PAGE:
In the last unit we looked at the RSI indicator which introduced another oscillator to your technical indicator arsenal. In this unit we will take you through a Stochastic Oscillator Introduction. It is very similar to RSI but many traders prefer to use this particular indicator instead.
The stochastic indicator helps determine when a market is overbought or oversold and checks if the buying or selling pressure is running out of steam, suggesting a reversal and this helps us time a trading opportunity. The best time to use this indicator is when you are in a trend and price has pulled back to support or has rallied up to resistance. Identifying the trend is easy, but identifying support and resistance can be a lot more difficult.
The Stochastic indicator is plotted using values between 0-100 with the value of 100 consider overbought, increasing the chance of a move to the downside and the value 0 is considered oversold with the probability of a rally much higher. 80 or high is overbought, 20 or below is oversold. You have an overbought and oversold region.
In a uptrend, you want to buy from the oversold level and in a downtrend you want to sell from the overbought zone.
As you are entering a trade AFTER the move, you can use the recent swing as your stop loss. A simple strategy is to wait for the K line to move across the slowing moving D line and then enter on the close of that candle.
Only trade in the direction of the market.
Similar to the MACD unit, the trend is your friend. I will repeat myself here; the basic premise of my personal trading which I recommend to anyone who is just starting out, is to follow a trend and only trade in the direction of the market. This is because prices can remain overbought or oversold for a prolonged period of time in trending moves. So we only look to buy in upward trend moves when it’s oversold and sell in downtrending moves when it’s overbought.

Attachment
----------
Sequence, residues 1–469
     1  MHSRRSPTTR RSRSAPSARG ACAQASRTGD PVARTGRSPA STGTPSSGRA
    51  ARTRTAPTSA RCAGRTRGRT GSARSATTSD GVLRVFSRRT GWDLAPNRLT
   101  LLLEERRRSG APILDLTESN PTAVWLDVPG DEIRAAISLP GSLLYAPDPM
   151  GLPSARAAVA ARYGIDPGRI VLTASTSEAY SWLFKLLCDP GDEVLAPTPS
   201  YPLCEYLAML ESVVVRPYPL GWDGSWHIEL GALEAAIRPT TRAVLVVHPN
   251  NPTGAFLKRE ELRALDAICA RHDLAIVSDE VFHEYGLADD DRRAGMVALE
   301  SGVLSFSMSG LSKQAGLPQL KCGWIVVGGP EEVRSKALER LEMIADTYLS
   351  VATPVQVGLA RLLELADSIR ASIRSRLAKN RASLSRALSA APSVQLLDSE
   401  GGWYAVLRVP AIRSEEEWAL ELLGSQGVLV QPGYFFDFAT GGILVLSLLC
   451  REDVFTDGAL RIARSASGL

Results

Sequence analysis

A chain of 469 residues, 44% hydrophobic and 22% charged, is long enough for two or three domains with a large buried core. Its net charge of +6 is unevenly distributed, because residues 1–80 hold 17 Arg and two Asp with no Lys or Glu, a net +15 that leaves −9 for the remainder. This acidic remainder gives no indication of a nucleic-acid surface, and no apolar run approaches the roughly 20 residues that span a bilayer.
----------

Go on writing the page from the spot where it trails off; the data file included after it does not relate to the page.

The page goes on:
We are looking for signals when the two main components of the indicator cross over each other.
In the previous article we discussed the MACD crossover which involved two different averages combine to create one line and a third average is used to create signals.
With the Stochastic Oscillator the signal process and the decision making process is much the same as MACD. We are looking for signals when the two main components of the indicator cross over each other.
There are two types of Stochastic Oscillator
Well technically three but two of them are the most popularly used and most commonly available on charting platforms. The two types are FAST Stochastic, which is a more aggressive oscillator and the SLOW Stochastic, which is a more conservative oscillator. The SLOW stochastics provides less signals than the FAST stochastics, because it smooths out the data making it a lot more conservative and useful for traders looking to take up swing positions. The FAST Stochastic provides much more signals than the SLOW Stochastic, but the accuracy of signal is much lower, this is more useful for those trading short term or scalping.
Most of the examples I have explained in this article have used a slow Stochastic indicator and settings of 15 5 5. The first number is the raw Stochastic value, the second number is the moving average of the first number and the third number is a moving average of the second number.
%k – the raw stochastic value
%D – moving average of %k
%D slowing – a moving average of %D
It’s basically a moving average of fast stochastic